But the amount of ice found throughout most of the Arctic was even lower than in recent years, except for the region around Japan.
Severely warm temperatures drove Arctic sea ice to a high of 5.6 million square miles this winter—one of its lowest on record, according to an annual evaluation released Friday by NASA.
Yet even though there was slightly more ice overall across the northern latitudes this winter than during last year's record-breaking low, scientists saw several troubling trends during the winter of 2017-2018.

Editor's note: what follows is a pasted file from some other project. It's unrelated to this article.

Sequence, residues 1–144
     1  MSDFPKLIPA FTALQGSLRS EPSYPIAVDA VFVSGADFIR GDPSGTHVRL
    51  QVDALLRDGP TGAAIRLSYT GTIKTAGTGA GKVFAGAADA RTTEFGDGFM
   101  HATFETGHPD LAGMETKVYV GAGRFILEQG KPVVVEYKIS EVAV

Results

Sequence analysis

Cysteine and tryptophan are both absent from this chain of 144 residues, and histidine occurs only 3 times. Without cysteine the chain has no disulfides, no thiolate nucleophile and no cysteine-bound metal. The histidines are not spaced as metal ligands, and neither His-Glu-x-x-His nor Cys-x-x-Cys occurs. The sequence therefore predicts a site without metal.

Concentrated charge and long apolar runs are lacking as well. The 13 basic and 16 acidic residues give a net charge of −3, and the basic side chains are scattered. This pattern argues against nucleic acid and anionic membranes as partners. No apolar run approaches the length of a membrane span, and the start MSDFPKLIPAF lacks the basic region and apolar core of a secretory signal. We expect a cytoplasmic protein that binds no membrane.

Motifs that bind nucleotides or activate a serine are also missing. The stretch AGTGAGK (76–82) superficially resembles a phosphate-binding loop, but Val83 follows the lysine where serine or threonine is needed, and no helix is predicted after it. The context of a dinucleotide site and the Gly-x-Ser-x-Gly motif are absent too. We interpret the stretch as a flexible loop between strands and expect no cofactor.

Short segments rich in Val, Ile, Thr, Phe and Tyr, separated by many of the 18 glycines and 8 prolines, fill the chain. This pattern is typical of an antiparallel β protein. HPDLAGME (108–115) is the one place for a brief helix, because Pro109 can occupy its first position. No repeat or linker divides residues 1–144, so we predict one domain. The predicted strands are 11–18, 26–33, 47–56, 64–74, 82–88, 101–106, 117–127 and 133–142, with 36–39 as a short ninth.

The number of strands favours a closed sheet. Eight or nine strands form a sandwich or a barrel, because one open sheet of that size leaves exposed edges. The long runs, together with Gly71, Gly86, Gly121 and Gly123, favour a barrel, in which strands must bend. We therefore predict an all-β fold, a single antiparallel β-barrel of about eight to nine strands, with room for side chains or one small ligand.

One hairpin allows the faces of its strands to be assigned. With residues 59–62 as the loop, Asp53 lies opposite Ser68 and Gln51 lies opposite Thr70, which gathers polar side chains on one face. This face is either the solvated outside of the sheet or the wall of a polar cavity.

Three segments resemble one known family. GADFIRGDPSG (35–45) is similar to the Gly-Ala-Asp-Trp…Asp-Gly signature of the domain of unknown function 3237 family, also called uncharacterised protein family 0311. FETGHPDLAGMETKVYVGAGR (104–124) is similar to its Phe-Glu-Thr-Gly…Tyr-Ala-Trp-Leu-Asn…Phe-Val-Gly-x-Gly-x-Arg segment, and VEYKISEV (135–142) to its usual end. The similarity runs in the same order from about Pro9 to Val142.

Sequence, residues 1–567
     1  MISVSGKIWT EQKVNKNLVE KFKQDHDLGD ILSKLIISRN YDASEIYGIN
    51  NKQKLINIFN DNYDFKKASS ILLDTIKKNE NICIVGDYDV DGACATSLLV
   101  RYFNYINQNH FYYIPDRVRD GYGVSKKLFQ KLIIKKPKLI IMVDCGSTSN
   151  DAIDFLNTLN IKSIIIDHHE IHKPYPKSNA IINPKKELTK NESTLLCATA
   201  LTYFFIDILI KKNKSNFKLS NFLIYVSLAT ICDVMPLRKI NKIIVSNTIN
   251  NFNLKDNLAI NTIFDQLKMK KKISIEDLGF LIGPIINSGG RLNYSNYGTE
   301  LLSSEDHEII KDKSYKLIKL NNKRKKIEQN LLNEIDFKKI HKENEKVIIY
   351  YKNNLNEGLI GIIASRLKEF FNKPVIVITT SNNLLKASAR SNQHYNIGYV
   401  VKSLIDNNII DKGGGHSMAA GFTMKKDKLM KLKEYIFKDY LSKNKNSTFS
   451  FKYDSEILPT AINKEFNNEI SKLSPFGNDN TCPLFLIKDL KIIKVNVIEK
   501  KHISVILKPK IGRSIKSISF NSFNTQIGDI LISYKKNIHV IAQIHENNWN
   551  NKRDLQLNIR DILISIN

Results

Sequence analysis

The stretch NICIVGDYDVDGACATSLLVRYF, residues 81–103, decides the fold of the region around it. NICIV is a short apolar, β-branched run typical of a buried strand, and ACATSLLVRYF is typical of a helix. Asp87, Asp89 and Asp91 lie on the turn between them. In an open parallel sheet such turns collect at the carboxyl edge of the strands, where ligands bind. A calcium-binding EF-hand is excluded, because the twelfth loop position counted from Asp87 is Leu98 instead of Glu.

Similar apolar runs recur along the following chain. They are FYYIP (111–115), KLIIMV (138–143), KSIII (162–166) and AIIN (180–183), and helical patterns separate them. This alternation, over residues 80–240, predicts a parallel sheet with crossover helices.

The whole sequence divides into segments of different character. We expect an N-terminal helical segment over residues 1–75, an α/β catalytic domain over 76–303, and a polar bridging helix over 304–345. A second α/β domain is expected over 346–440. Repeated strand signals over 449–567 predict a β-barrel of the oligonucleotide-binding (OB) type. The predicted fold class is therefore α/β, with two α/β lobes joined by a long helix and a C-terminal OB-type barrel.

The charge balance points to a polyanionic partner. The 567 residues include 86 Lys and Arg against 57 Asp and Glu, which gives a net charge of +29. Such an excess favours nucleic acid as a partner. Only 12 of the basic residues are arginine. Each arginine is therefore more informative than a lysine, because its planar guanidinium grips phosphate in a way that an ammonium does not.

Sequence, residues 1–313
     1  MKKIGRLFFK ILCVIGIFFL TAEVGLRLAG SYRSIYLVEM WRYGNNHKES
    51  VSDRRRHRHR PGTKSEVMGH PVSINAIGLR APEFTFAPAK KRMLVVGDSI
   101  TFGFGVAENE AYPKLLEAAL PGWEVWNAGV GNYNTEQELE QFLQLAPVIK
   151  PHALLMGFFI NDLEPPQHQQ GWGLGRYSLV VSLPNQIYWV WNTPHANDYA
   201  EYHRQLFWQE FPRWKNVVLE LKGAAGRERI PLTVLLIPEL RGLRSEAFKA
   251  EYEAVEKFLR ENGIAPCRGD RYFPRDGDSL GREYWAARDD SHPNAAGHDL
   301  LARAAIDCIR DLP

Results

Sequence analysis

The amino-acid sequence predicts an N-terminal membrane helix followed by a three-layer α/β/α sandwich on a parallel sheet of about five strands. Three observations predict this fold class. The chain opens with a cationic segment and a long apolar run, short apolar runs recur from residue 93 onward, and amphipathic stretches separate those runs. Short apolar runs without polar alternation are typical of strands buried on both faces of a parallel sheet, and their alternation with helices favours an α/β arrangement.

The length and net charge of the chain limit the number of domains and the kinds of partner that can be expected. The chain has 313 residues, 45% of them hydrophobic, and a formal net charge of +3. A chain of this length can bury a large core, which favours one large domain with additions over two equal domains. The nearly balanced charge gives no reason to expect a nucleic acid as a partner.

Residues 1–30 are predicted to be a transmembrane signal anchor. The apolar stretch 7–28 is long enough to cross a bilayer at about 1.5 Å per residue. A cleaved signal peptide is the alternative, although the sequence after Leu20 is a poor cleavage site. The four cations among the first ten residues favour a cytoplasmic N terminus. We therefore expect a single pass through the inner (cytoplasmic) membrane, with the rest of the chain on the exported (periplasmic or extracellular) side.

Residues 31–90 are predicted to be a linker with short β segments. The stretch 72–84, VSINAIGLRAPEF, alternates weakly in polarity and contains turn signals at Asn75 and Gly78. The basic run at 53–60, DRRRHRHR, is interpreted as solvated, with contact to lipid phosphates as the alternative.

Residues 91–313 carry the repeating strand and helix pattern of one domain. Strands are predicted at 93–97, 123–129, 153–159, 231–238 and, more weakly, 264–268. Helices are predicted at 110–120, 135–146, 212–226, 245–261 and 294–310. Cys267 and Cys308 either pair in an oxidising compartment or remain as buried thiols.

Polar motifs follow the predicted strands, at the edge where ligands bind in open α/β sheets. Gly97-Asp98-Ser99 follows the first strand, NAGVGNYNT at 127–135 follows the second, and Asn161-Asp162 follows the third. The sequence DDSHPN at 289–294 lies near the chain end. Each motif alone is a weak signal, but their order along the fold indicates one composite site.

During February, temperatures skyrocketed to a wild winter high more than 45 degrees above normal in some areas, sending the North Pole—in the dead of winter, when the region is shrouded in darkness—above freezing for several days. Massive sections of Greenland, normally blanketed by thick, old ice, experienced open water for the first time on record. Much of the Bering Sea off Alaska, and, for a while, the whole of the Bering Strait, was also ice-free, "which is pretty remarkable," says NASA sea ice expert Alek Petty.